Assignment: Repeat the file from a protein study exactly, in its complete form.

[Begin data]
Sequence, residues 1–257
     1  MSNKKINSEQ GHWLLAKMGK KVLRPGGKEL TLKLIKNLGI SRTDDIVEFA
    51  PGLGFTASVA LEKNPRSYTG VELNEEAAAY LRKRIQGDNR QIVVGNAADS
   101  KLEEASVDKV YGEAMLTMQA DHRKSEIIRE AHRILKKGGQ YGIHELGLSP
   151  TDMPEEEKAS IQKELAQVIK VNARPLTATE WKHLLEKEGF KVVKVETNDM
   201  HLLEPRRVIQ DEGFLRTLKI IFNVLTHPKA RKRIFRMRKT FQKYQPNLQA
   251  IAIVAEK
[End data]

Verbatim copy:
Sequence, residues 1–257
     1  MSNKKINSEQ GHWLLAKMGK KVLRPGGKEL TLKLIKNLGI SRTDDIVEFA
    51  PGLGFTASVA LEKNPRSYTG VELNEEAAAY LRKRIQGDNR QIVVGNAADS
   101  KLEEASVDKV YGEAMLTMQA DHRKSEIIRE AHRILKKGGQ YGIHELGLSP
   151  TDMPEEEKAS IQKELAQVIK VNARPLTATE WKHLLEKEGF KVVKVETNDM
   201  HLLEPRRVIQ DEGFLRTLKI IFNVLTHPKA RKRIFRMRKT FQKYQPNLQA
   251  IAIVAEK